(IV) The Role of Practice in Problem-Solving
"It is important to separate 'outcome goals'
– the big stuff – into 'process goals' – the
little stuff you can accomplish every day. Larger goals, like
winning championship titles, can often seem abstract and distant,
but when you break them into things you can do every day, your
dreams gain power, and it gives you a sense of purpose and control.
By doing it that way, I've also learned to enjoy not just reaching
the goal, but the daily pursuit of it."
- Jay Martin, 53, soccer coach,
There are two important issues here, and the
first is not complex.
Tackling large projects can be paralyzing unless the large project is broken down into more immediately attainable objectives. When things are going well, it is easy to feel encouraged and to continue to work hard at something like mathematics. But when you are facing a brick wall, it is easier to retreat than it is to attempt to scale the heights of that wall, especially when you anticipate many such brick walls to come. Often, when a student at the Mathematics Learning Centre is having difficulty with a particular task in his/her program, that student loses focus because of the anxiety generated. In those instances, we frequently suggest that the student back away from the brick wall and regroup with the assistance of a program planning template similar to the one illustrated on p. 51. This enables the student to concentrate on one troublesome topic in mathematics at a time by assigning each topic to specific future days and weeks.
That’s what Jay Martin is talking about on the left-hand page. He calls the immediately attainable objectives process goals and the large project an outcome goal, but it is the same principle being applied to athletics.
The second issue is more complex because it has nothing to do with planning and everything to do with cognitive psychology.
Contemporary curriculum developers often undervalue practice. They focus instead on "pursuing open-ended problems and extended problem-solving projects" (National Council of Teachers of Mathematics, 1989, p. 70). Yet, there have been arguments made in the literature of cognitive psychology that support the importance of practice, indeed, declare it to be of paramount importance in the effective pursuit of open-ended problems and extended problem-solving projects. We cite some of this literature here.
Campbell and Xue (2001) have demonstrated that differential amounts of practice over more than a decade facilitates arithmetic skills. These scholars presented 72 students registered in undergraduate and graduate programs 360 arithmetic questions. Participants were required to add three 1- or 2-digit numbers, divide 2- or 3-digit numbers by single-digit numbers, subtract 2-digit numbers from 2-digit numbers, and multiply 2-digit numbers by 1-digit numbers. The number of these problems participants successfully completed in 15 minutes was predicted by reported calculator use before entering university and mean reaction time to answer simple arithmetic (e.g., 4 x 3) questions. Presumably early practice in single-digit arithmetic led to faster access to basic facts which transferred to more complex arithmetic while access to calculators reduced the number of opportunities to practice more complex arithmetic.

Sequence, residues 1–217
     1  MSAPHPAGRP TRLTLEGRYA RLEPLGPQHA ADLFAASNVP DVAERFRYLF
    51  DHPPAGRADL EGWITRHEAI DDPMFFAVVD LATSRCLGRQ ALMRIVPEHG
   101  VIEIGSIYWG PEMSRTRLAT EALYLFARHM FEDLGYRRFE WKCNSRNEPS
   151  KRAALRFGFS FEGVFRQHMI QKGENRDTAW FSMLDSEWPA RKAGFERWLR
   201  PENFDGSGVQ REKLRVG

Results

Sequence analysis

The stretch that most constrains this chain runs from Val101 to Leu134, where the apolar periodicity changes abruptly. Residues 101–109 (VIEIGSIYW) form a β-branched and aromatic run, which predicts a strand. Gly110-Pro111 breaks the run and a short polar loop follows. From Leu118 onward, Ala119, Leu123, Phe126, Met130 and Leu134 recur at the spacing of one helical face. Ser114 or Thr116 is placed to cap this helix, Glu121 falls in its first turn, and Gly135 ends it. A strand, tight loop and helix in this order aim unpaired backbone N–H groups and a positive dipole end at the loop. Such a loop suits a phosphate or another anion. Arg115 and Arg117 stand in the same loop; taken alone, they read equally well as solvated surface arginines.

In addition, Haverty (1999) has demonstrated that concentrated practice facilitates complex problem solving. Haverty trained seventh graders to generate either the 17 or 19 multiplication tables, but not both the 17 and 19 tables. Following their mastery of these facts, the children were presented inductive reasoning problems at a variety of difficulty levels by providing them with tables, each of which contained six x, y number pairs, and requiring them to describe the mathematical relationship between the variables represented by the numbers in each table. The prior learning of the relevant multiplication facts facilitated solving the most difficult problems [e.g., y = 17 (x + 1) ]. Haverty’s finding is consistent with the assertion that mathematical discovery is dependent on prior skill level, and consistent with our contention that skill development usually is a consequence of practice over extended time periods that results in both the availability of and speedy access to facts and procedures.
This research in cognitive psychology makes a mockery of the "move away from a tight focus on manipulative facility to include a greater emphasis on conceptual understanding, on algebra as a means of representation, and on algebraic methods as a problem-solving tool" (National Council of Teachers of Mathematics, 1989, p. 150). One can no more learn to do mathematics well by immediately immersing oneself in problem solving than one can learn to play soccer well by immediately concentrating on playing games. As Jay Martin puts it, it’s important to separate outcome goals into process goals. In so doing, "your dreams gain power, and it gives you a sense of purpose and control" (Brooks, 2002, p. 78).